(Raw) Milk in Maine

1st Aug 2007


Ever since I started reading about "raw" milk, I've wanted to try it.  Illegal in New York and most states, raw milk has a strange mystique about it: proponents claim that unpasteurized milk has remarkable health benefits , is drinkable by even the most lactose intolerant people , and tastes twice as good as the milk you're used to.  Once you drink your milk raw, they say, you'll begin to notice regular milk tastes "cooked" and flat.  Others claim you'll catch half as many colds per year. What to make of these claims?  Could something as mundane and simple as milk really hold this power, if only our milk producers didn't constantly subject it to high temperatures?

Why is most milk pasteurized?  Well, it's much safer.  But so is a well-done steak, and I'll never eat that.  The problem is, in the process of pasteurization, raw milk enthusiasts say many good ~~ pathogens ~~ bacteria are destroyed in the effort to ensure against bad ones, especially those that help the human body digest milk (hence why many lactose intolerant people can drink it without problem).  The story of milk pasteurization dates back to the 19th century, when "city" cows would live in cramped, dirty quarters in Lower Manhattan, and farmers would build their dairies next to whiskey distilleries to feed cows the leftover mash.  The cows got sick, bad milk was produced, people got sick.   Milk was the scapegoat, and rightly so.  But is the situation the same today?

Sadly, the answer is in some ways, yes.  These days, producers pasteurize our milk because it's become standard, it lengthens shelf life, and, frankly, it allows factory farms to be less careful and spend less money (which includes feeding cows an improper diet of corn, and using hormones).  Pasteurization is really the only economically viable way to mass-produce milk safely.  Certainly, pasteurization still saves many from sickness.  I would never drink raw milk from a corn-fed cow that normally supplies large milk producers.  But when it's a small farm that lives with its animals, cares for them, and has been making dairy products for generations?  That's different.  Pasteurized milk is all I have ever known.  But I've been beginning to wonder what raw milk really does taste like.  In New York, at least, raw milk is only attainable by secret, speakeasy-like means (" The first rule of Milk Club is you do not talk about Milk Club ").

Smiling Hill Farm, outside of Portland, Maine, is where Danny Meyer, we heard, buys his butter.  You can walk in and buy milk, cheese, ice cream, and other foodstuffs.  On the way in, a giant fiberglass cow named Moo-chelle is there to greet you.


Inside, the back wall is lined with refrigerators full of milk, cream, and cheeses.  We picked up a quart of whole milk, some cheddar, butter, crackers, and a scoop of coconut ice cream.  When the woman who
checked us out began ringing us up, I stopped her immediately.  "You just charged us one dollar for the milk.  This is a quart size."

"Trust us," she said.  "It's not too hard.  The cows make it, and we just bottle it up.  You must be from a city." She smiled knowingly.  We talked for a while longer--the family has been running this farm for generations, and she met her husband while milking cows.  Though the milk at Smiling Hill is not raw, it's hormone-free and very, very fresh.  She told us, however, that we could walk into Whole Foods and buy raw milk right off the shelf, from local producers.  In Maine, a store can sell it with a special license.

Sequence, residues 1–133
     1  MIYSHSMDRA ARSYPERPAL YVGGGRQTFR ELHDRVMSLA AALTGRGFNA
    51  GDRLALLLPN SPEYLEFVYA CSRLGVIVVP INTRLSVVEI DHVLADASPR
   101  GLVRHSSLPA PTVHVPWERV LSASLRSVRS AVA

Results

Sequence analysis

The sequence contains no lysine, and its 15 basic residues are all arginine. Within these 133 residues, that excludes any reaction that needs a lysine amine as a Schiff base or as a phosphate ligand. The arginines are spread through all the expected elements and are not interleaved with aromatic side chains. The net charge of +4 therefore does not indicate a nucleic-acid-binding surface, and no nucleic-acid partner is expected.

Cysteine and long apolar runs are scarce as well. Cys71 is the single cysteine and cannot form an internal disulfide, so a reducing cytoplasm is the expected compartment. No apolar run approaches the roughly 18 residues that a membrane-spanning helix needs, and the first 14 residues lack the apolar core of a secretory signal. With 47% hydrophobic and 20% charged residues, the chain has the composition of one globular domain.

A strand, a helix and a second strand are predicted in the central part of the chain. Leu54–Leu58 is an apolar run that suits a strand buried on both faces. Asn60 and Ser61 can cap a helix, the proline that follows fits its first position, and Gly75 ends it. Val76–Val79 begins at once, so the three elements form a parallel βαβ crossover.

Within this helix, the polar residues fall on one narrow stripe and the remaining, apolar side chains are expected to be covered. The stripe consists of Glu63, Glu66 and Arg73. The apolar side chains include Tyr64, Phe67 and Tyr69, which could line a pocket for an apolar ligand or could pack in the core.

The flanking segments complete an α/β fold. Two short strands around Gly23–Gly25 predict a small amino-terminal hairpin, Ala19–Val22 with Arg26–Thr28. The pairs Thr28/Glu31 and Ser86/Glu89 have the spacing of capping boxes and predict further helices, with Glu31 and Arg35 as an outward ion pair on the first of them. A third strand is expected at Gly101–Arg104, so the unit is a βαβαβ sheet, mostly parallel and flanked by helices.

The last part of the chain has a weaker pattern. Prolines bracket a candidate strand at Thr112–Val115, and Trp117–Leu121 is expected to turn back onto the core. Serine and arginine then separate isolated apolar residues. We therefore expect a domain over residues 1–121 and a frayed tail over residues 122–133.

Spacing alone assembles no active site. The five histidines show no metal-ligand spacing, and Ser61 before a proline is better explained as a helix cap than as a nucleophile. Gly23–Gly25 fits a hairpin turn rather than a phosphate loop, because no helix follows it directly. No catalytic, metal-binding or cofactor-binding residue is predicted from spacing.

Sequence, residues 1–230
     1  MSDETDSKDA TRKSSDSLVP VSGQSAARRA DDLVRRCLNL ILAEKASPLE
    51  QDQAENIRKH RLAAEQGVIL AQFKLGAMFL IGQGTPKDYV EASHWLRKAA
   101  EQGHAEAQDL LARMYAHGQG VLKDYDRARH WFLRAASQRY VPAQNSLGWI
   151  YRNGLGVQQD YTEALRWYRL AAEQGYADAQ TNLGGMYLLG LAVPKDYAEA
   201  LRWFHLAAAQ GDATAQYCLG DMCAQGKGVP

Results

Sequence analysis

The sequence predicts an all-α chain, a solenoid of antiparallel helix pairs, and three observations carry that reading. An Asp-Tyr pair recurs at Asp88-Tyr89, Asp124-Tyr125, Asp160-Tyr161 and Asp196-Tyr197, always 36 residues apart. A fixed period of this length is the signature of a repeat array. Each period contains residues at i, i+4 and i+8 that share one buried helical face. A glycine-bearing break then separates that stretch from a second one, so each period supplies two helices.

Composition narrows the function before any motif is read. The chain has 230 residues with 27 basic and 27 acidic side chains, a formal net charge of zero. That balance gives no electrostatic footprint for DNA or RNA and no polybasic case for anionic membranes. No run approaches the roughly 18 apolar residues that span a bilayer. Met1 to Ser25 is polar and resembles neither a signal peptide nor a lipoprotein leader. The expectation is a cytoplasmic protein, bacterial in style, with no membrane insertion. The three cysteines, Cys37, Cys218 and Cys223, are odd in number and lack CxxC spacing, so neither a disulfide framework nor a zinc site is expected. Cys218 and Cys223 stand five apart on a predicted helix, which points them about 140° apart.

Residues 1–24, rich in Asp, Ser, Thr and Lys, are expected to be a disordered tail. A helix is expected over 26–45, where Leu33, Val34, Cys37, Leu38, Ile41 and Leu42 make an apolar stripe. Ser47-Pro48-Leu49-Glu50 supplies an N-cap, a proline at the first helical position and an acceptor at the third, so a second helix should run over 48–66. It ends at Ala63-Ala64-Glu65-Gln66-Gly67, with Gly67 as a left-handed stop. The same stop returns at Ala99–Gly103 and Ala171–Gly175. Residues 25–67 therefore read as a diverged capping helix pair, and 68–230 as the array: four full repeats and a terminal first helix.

Outside, we found a table next to the John-Deere-o-saurus sculpture (which I unfortunately don't have a picture of).  The milk was ice cold, just slightly sweet, rich and fresh.  The butter was also excellent--it tasted at first like a tangy cheese.

But we were still curious about raw milk.  What did it taste like?  On a dairy high, we drove straight to Whole Foods and walked straight to the milk section.  Sure enough.


After all the shrouded mystery over raw milk, the stories of secret societies and meeting places , it was unsettling to see it right on the shelf in front of us.  We asked a Whole Foods employee for help deciding, and he began telling us that his kids all drink it and haven't caught a cold since they started.  He helped us pick out a smaller container, then we picked up a chocolate chip cookie and sat at a table ten feet from the registers, unable to wait any longer.


Elin politely broke up the cookie, and let me take the first sip.

Well, it was the best sip of milk I've ever had.  Admittedly, part of that might be the 6% fat content, which gave it an rich, rounded taste.  But it was also sweet and complex, without any hint of chalkiness...well, you may have heard Julia Child describe the roast chickens she ate in France as so..." chickeny! "?  This tasted milky , like milk is supposed to taste, natural and fresh.  After the hype, I was not at all disappointed.

I should mention that Elin can only enjoy limited amounts of dairy--no ice cream, no cream, and limited amounts of milk (as much as you'd put in a cup of tea).  She drank half this container, and we bought another the next day.  The luxury of gulping down fresh, good milk was wonderful for her.

As we finished, I looked up and noticed a sign hanging from the ceiling of our friends from Smiling Hill Farms, and had a moment of true satisfaction at the sustainable, local, good-feeling quality to our whole experience with milk in Maine.  Add that to our meal at Chase's Daily where we ate a combination restaurant/farm, and the revelatory experience that was Fore St. , and Maine itself equals quite the trip.  It made us, more than once, wonder if we could move to Portland.  Fantastic, fresh milk for one dollar a quart?  World class restaurants?  An arty vibe and young people?  Affordable rents?  These are all things we could get used to.



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